The show's over, and by now the Java Rings from the JavaOne conference have made their way home to all parts of the globe with their, uh, ringmasters. Currently these ringmasters may be a relatively select group, perhaps wearing the rings as tokens to get conversations started at parties, or as mementos of the 1998 show. But any day now, these wearable, durable little computers and their cousin devices may be brewing us coffee and driving us to work.
Now, with the close of the JavaOne Conference, a whole new generation of Java Ring developers have been set loose upon the world. Dallas Semiconductor, the manufacturer of the Java Card 2.0 iButton (the heart of the Java Ring), reports an incredible buzz out in the field. Their pre-Java-Card iButtons have already established a significant market penetration -- with 20 million buttons found worldwide. And now, the far more dynamic, programmable, and secure Java Card iButtons are seen as a major portion of Dallas Semiconductor's future manufacturing efforts -- with 100,000 new Java Card iButtons already in production.
The future of the Java Ring, and the associated technologies demonstrated at the JavaOne Conference, are clearly limited only by the imagination of the developer community. And from the enthusiasm seen at the JavaOne Conference, those horizons have only just begun to be explored.
Dallas Semiconductor has produced more than 20 million physically-secure memories and computers with hard-shell packaging optimized for personal possession. The Java iButton, therefore, is simply the latest and most complex descendant of a long line of products that have proven themselves to be highly successful in the marketplace. With its stainless steel armor, it offers the most durable packaging for a class of products that likely will suffer heavy use and abuse as personal possessions. The iButton form factor permits attachment to a wide variety of personal accessories that includes rings, watchbands, keyfobs, wallets, bracelets, and necklaces, so the user can select a variation that suits his or her lifestyle.
With a 32-kilobyte Java Card Environment (JCE) and I/O subsystem in mask-programmed ROM, a continuously running true-time clock, and 6 kilobytes of NVRAM memory with expansion potential up to 128 kilobytes, the Java iButton supports a true Java stack, full-length 32-bit Java integers, and garbage collection. This feature mix provides support for relatively high-end Java applets with substantial computing requirements.
While the Java iButton can readily support the commerce models that have traditionally been the province of credit cards, its greatest promise appears to lie in its capacity to interact with Internet applications to support strong remote authentication and remotely authorized financial transactions. The use of Java promotes compatibility with these applications by providing a common language for all application programming.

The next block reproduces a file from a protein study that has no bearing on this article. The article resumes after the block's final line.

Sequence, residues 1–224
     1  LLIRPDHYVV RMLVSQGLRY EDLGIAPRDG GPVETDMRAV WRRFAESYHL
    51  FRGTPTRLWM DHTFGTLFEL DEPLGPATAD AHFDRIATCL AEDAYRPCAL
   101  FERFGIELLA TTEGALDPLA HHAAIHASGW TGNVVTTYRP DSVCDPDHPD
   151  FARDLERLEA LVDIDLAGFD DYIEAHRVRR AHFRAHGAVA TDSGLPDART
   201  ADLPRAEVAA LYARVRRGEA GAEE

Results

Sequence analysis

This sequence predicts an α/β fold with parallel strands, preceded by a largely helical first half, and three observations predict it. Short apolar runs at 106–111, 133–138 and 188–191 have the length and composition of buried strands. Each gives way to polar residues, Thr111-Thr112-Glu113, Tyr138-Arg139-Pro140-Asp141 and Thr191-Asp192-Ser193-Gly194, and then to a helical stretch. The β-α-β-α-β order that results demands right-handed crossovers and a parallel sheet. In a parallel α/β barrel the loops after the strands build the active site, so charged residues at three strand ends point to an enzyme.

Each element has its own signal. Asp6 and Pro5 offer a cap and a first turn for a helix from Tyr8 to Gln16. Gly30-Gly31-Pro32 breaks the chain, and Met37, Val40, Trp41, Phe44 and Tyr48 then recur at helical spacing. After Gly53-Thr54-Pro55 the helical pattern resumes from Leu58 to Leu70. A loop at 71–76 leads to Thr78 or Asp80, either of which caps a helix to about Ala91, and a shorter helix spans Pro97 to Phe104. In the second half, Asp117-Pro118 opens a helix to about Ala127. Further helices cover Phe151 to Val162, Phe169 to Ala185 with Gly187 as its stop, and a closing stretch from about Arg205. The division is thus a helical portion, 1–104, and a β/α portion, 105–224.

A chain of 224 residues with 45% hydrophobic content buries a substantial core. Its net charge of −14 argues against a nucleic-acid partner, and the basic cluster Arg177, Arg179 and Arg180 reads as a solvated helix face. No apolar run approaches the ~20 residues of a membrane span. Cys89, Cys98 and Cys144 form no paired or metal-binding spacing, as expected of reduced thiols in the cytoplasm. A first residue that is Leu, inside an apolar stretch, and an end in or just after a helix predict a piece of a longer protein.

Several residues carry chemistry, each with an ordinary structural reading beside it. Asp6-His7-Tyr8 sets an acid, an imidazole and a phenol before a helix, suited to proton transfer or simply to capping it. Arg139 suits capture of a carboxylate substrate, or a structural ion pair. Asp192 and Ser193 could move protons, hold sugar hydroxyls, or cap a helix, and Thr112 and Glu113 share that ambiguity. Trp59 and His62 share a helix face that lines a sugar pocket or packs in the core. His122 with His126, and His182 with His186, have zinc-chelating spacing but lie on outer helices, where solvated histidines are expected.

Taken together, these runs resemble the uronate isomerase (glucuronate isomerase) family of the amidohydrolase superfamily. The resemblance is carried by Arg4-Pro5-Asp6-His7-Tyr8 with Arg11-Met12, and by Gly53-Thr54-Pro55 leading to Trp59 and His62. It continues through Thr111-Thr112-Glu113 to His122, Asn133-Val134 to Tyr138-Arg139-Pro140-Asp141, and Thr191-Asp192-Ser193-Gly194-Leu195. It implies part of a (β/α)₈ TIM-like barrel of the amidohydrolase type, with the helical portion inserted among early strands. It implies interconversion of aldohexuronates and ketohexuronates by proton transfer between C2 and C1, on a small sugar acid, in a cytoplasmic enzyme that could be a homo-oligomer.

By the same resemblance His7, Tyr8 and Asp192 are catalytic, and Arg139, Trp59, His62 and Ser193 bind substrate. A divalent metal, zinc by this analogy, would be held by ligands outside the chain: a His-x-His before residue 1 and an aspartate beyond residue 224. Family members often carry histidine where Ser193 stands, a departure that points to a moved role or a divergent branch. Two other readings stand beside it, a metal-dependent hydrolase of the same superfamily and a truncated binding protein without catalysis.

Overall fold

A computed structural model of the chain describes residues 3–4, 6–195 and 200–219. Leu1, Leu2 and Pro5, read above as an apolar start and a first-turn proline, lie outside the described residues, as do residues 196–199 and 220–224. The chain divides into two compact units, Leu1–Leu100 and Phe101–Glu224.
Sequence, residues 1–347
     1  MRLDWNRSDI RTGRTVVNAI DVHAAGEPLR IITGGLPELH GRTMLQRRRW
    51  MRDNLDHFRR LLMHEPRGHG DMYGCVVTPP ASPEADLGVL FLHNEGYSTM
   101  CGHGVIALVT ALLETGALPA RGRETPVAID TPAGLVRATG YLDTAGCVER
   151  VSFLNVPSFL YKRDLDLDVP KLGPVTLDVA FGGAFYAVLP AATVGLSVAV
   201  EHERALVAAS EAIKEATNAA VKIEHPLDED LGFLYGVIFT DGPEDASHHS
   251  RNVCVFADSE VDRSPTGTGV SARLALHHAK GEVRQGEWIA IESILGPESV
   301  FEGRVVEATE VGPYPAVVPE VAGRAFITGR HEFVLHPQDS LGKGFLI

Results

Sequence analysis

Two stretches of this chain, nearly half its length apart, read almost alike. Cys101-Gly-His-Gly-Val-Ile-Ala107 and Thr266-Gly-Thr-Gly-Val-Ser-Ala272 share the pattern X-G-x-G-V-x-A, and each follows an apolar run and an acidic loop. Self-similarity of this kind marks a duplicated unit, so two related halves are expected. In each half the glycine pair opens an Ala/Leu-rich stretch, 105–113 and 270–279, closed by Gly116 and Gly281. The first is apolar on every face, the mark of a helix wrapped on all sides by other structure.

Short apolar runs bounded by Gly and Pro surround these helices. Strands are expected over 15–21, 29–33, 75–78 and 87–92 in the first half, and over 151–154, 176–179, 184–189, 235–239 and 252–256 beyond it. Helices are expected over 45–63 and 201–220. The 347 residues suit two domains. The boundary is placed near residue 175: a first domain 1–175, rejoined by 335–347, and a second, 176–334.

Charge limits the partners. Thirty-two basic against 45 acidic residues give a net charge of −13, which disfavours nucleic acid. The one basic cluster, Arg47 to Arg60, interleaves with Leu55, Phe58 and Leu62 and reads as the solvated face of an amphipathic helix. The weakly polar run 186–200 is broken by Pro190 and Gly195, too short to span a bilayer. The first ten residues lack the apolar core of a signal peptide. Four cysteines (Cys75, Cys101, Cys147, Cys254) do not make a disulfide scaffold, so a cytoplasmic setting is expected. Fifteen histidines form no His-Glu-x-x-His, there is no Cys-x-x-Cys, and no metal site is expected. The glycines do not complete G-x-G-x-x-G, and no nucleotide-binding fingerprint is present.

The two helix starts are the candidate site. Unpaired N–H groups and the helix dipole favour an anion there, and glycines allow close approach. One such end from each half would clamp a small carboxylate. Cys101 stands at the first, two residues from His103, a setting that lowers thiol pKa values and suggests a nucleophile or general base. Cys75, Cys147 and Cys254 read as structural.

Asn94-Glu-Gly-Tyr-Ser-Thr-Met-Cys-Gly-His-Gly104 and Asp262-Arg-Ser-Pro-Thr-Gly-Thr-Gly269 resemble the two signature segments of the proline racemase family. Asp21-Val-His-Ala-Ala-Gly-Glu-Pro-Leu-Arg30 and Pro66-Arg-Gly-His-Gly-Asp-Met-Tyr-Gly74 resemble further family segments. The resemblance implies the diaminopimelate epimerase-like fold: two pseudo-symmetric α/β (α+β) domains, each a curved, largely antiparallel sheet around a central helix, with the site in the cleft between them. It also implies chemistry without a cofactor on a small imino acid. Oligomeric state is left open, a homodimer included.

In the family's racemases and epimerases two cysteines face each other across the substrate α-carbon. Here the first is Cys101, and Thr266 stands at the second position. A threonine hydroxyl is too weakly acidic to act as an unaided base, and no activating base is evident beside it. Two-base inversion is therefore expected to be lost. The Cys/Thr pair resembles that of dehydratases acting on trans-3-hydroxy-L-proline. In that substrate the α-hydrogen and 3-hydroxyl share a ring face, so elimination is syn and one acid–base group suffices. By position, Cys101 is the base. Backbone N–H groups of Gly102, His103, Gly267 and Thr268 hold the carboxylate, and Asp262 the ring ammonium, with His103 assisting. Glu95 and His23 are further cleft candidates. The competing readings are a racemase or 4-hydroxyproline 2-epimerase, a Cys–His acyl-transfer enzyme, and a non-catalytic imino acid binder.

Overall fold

At the Java Internet Business Expo held last August, Sun Microsystems' CEO Scott McNealy displayed an early prototype of the Java Ring, using it to open a presentation door on stage. That powerful symbolism of Java being embedded in all shapes and sizes and opening doors to the future now provides the "magic" driving force for the Java Ring. Along with Java Cards, the Java Ring stands poised to open the doors of opportunity for truly personal computing in the information age.
Since their introduction, iButton memory devices have been deployed in vast quantities as rugged portable data carriers, often in harsh environmental conditions. Among the large-scale uses are as transit fare carriers in Istanbul, Turkey; as maintenance record carriers on the sides of Ryder trucks; and as mailbox identifiers inside the mail compartments of the U.S. Postal Service's outdoor mailboxes. They are worn as earrings by cows in Canada to hold vaccination records, and they are used by agricultural workers in many areas as rugged substitutes for timecards.
Mobile computing is beginning to break the chains that tie us to our desks, but many of today's mobile devices can still be a bit awkward to carry around. In the next age of computing, we will see an explosion of computer parts across our bodies, rather than across our desktops. Digital jewelry, designed to supplement the personal computer, will be the evolution in digital technology that makes computer elements entirely compatible with the human form.
Â¢ Dallas Semiconductor's iButton Web site http://www.ibutton.com/
Â¢ Crypto iButton home page http://www.ibutton.com/crypto.html
Â¢ An Introduction to the Java Ring: http://www.javaworld.com/javaworld/jw-04...vadev.html
Â¢ Giving Currency to the Java Card API: http://www.javaworld.com/javaworld/jw-02...acard.html
Â¢ iButtons: The First Ready-to-Buy Java Card API Devices: http://www.javaworld.com/javaworld/jw-04...ttons.html http://www.javaworld.com/javaworld/javao...edded.html http://www.ibutton.com/java.html http://www.ibutton.com/devkit
Â¢ The Java Ring Event : http://www.java.sun.com/InsideTheJavaRingEvent.html
Â¢ Introduction 1
Â¢ Historical Background 4
Â¢ iButtons 6
Â¢ Types of iButtons 8
Â¢ Memory iButtons
Â¢ Thermochron iButtons
Â¢ Cryptographic iButtons
Â¢ Blue Dot Receptor 15
Â¢ TMEX Run time Environment 22
Â¢ JVM and Resources of iButton 23
Â¢ Applications of Java Ring 25
Â¢ Java Ring Event 26
Â¢ Java Ring â€œThe Tidal Wave of Future 30
Â¢ Conclusion 32
Â¢ References 34
I express my sincere gratitude to Dr. Agnisarman Namboodiri, Head of Department of Information Technology and Computer Science , for his guidance and support to shape this paper in a systematic way.
I am also greatly indebted to Mr. Saheer H. and
Ms. S.S. Deepa, Department of IT for their valuable suggestions in the preparation of the paper.
In addition I would like to thank all staff members of IT department and all my friends of S7 IT for their suggestions and constrictive criticism.